Q My friend hired an attorney to prepare certain documents for his practice, and he has offered to let me copy these documents for my practice since I’m a new doctor. These are very basic documents, such as employment agreements and employee manuals. Do you see a problem with me doing this?
A When the attorney prepared the document for your friend, it’s pretty safe to assume the attorney was familiar with the nature of your friend’s practice. Unless your practice is an exact duplicate of your friend’s practice, using his documents is not a good idea. For example, if your friend’s practice does a lot of personal injury and your practice has a high Medicare component, your practices are not alike. If you hire independent contractors and your friend hires employees, your practices are not alike. If your friend has practices in two different states, your practices are not alike.
In addition, if these documents were prepared for your friend several years ago, they are most likely outdated, since the laws concerning healthcare have been changing rapidly. Finally, you have no right to rely on these documents. This means if there is a problem with these documents, you have no right to sue the attorney because, unlike your friend, you have no relationship established with the attorney.
Q What is the difference between “occurrence” or “claims-made” malpractice insurance?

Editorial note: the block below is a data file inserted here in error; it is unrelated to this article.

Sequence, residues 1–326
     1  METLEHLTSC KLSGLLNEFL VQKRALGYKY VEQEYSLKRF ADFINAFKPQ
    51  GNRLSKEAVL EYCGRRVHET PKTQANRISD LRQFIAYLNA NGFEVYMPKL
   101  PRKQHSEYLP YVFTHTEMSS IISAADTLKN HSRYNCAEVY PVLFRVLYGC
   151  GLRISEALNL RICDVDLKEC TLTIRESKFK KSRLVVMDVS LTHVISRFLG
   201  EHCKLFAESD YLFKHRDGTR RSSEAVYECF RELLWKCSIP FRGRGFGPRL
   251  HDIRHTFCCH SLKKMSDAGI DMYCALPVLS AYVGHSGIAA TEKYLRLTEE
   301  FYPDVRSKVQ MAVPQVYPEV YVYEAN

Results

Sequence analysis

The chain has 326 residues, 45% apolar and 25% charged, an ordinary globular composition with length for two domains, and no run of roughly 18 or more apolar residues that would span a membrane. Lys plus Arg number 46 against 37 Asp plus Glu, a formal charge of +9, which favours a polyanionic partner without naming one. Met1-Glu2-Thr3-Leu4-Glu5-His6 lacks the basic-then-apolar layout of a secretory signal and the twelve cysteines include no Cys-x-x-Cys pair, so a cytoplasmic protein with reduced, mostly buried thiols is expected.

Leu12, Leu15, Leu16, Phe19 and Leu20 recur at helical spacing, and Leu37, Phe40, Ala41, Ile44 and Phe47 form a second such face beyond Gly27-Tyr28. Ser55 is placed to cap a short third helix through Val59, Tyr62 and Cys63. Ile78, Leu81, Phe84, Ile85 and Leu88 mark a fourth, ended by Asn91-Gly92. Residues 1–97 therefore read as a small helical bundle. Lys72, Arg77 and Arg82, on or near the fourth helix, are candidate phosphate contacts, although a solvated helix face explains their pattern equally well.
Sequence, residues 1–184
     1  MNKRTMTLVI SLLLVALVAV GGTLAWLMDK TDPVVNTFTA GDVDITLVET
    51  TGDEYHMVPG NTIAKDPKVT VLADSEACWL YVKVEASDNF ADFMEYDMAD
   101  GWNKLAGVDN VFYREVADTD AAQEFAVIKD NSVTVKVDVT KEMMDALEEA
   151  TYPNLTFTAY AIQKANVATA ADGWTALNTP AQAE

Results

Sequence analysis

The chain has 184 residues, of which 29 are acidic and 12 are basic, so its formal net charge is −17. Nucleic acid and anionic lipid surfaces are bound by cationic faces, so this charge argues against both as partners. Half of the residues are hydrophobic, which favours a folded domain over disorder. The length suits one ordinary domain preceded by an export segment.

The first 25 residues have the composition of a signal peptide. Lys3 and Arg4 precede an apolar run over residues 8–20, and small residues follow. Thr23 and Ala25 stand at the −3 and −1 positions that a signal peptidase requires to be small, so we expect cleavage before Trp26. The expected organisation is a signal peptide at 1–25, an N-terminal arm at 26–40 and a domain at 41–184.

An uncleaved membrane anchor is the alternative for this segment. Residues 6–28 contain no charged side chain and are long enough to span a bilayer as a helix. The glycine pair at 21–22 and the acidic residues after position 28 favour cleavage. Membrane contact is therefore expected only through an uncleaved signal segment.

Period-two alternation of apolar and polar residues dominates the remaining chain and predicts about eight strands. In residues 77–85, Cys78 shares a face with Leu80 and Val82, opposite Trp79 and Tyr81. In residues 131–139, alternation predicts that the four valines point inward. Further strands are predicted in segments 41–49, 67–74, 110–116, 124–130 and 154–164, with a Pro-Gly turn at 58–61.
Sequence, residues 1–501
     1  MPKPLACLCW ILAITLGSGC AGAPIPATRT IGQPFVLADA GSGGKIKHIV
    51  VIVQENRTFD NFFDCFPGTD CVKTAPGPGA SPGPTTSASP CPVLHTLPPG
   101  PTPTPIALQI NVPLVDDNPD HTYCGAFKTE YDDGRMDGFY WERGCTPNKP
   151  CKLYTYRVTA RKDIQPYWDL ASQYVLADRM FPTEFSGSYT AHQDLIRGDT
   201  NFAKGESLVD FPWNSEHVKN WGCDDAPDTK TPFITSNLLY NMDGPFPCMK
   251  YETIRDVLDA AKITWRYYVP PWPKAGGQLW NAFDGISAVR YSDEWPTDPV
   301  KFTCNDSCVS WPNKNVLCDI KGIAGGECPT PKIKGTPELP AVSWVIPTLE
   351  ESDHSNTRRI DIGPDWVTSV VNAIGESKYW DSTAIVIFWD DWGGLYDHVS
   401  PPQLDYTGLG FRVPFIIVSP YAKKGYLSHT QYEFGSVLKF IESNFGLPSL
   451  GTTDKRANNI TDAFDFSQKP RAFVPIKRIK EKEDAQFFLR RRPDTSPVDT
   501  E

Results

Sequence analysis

A Occurrence malpractice insurance provides coverage for any malpractice claim that arose while the policy was in force. For instance, assume that you bought an occurrence malpractice insurance policy on Jan. 1, 1998, for a period of one year. On Feb. 2, 2000, Mr. Smith, a patient treated by you in November 1998, sues you for malpractice. Because the occurrence malpractice insurance policy was in effect at the time you provided the service to Mr. Smith, you will be covered by the insurance carrier.
Claims-made coverage only protects you if the claim was made while the policy was in effect. Therefore, if you had claims-made coverage instead of occurrence malpractice insurance in the previous example, you would not be covered. Mr. Smith would have had to file a claim against you between Jan. 1, 1998, and Dec. 31, 1998, in order for you to be covered.
As many insurance companies have stopped offering occurrence malpractice insurance, you may need to obtain “tail coverage” if you have a “claims-made” policy. Tail coverage may be for a period of years or for an unlimited period of time. Do not purchase tail coverage limited by the statute of limitations in your state, because the statute of limitations frequently does not start to run until the patient discovers the malpractice. This discovery may not occur for many years after your treatment of the patient. It is worth the difference in price to have the peace of mind.
Ms. Green has been a practicing attorney since 1977. She is admitted to the practice of law in New York and Florida.
Because this column is being presented to you by an attorney, it would not be complete without a legal disclaimer. This column is provided subject to and governed expressly by the terms of this disclaimer. This column is provided for educational purposes only. The accuracy or timeliness of the information presented herein is not warranted. The information presented herein is not intended to be advice as to a specific fact pattern with which you may be presented. Accordingly, please note that the information contained herein is not being presented as legal advice with respect to any matter and that no attorney-client relationship is hereby established.